(Born & raised in Camden, NJ)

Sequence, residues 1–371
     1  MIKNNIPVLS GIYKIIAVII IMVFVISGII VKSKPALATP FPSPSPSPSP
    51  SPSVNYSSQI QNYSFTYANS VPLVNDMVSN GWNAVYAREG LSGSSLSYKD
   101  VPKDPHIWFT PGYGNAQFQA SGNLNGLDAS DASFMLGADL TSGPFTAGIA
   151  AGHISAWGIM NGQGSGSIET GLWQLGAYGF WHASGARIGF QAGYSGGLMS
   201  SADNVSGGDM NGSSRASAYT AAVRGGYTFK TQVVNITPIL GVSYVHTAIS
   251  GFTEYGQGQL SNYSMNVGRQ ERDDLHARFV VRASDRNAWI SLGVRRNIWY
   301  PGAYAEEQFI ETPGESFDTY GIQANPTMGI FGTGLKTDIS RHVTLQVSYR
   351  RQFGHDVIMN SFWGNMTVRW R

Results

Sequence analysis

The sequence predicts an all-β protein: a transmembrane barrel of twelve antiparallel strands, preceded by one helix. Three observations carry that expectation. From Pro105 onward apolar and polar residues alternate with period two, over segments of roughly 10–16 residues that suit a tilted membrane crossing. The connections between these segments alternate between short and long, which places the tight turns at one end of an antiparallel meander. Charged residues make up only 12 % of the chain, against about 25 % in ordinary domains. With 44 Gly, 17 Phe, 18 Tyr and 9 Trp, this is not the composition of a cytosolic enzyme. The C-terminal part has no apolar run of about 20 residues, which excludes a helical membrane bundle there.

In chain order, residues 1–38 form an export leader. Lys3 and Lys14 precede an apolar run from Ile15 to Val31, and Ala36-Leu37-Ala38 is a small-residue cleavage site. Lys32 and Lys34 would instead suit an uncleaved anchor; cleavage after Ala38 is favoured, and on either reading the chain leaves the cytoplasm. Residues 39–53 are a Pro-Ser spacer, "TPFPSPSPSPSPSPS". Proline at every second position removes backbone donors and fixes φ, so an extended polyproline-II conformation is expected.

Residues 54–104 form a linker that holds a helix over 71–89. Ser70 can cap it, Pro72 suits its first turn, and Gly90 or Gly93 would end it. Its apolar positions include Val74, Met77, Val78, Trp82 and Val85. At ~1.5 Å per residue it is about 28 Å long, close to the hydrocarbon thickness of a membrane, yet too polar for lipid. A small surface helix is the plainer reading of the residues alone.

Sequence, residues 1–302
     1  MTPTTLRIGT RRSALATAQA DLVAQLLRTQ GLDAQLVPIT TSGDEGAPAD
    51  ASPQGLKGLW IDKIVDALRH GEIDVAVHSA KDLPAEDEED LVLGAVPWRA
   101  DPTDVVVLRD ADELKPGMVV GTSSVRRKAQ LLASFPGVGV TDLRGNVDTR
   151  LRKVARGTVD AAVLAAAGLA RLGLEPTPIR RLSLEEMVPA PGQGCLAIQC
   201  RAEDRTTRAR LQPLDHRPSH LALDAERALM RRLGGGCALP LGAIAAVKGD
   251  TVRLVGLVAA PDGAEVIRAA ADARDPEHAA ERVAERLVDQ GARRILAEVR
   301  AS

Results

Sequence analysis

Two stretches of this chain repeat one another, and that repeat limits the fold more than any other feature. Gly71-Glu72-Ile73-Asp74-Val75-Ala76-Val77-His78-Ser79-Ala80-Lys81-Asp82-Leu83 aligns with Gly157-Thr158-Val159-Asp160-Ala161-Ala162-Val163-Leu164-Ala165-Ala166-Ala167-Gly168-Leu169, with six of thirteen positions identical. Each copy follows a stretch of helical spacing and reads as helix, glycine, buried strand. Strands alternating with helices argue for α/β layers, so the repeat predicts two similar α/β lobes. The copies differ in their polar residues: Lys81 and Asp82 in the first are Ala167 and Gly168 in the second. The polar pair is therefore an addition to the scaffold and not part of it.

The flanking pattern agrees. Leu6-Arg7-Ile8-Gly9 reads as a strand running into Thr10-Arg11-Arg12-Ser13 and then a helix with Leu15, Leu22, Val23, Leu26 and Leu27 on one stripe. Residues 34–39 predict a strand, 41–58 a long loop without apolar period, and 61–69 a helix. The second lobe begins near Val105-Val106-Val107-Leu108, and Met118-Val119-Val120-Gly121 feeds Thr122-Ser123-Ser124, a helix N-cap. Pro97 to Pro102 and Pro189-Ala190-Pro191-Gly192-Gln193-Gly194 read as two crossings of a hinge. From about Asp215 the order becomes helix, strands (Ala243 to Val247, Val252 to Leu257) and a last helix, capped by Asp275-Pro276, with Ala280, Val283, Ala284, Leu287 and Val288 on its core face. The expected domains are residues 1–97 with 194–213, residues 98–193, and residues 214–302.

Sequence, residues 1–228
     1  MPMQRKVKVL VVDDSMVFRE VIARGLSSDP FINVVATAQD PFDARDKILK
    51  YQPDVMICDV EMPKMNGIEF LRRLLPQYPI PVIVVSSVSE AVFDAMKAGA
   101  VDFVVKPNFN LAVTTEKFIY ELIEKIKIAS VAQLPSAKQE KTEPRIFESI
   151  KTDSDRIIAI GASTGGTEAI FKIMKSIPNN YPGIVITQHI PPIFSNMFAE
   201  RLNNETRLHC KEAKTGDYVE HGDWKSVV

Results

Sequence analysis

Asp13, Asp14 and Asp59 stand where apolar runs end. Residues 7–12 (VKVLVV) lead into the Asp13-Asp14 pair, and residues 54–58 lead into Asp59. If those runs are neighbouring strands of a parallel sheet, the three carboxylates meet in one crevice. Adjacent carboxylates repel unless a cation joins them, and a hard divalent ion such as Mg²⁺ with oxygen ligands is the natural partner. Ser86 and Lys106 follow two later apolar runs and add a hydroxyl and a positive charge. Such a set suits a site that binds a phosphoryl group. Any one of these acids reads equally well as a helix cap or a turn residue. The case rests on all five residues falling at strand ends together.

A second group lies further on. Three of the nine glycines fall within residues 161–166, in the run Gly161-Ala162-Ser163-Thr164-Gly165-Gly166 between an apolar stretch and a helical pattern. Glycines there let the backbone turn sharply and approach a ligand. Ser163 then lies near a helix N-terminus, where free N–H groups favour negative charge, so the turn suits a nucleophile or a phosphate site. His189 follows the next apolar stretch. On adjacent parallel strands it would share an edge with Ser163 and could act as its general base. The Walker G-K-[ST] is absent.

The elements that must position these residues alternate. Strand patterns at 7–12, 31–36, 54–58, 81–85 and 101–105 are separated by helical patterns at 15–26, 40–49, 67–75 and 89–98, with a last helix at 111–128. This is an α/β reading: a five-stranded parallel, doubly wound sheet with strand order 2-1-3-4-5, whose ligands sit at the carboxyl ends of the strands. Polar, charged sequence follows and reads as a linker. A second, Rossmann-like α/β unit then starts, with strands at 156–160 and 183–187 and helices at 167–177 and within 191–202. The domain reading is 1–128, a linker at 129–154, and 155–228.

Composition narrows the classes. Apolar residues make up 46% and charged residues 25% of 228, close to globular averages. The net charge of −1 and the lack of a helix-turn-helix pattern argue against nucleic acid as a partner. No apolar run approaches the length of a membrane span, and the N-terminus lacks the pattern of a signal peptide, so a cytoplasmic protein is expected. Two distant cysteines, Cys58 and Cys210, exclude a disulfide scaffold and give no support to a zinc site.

The legacy continues with Leon Huff, co-founder of Philadelphia International Records. Huff was first exposed to music through his mother, who played the piano and the organ for the 19th Street Baptist Church choir. Huff began playing the piano at the age of five; he received basic lessons from his mother as well as formal teaching through the school system and private lessons. As a teenager, Huff participated in several “doo-wop” music groups throughout Camden. By the early 1960’s, Huff had already worked in NYC recording sessions and had composed the 1964 Top 20 Pop hit, “Mixed Up Shook Up Girl” for Patti & the Emblems. Returning to Philadelphia, Gamble and Huff formed the labels Excel, Gamble, Huff-Puff and Neptune before launching Philadelphia International Records in 1971 as a joint partnership with Columbia Records. The label produced #1 R&B hits such as The O’ Jays’ “Love Train,” Harold Melvin and the Blue Notes’ “If You Don’t Know Me By Now,” Lou Rawls’ “You’ll Never Find Another Love Like Mine,” and “TSOP,” which became the theme to the TV show Soul Train. Their signature sound incorporated sophisticated touches like strings, horn sections, and an always-insistent groove. A precursor to disco, when the clubs started playing an important role in the music business, Philadelphia International helped shape the direction with hits like 1974’s “TSOP,” which became the theme to the TV show Soul Train.
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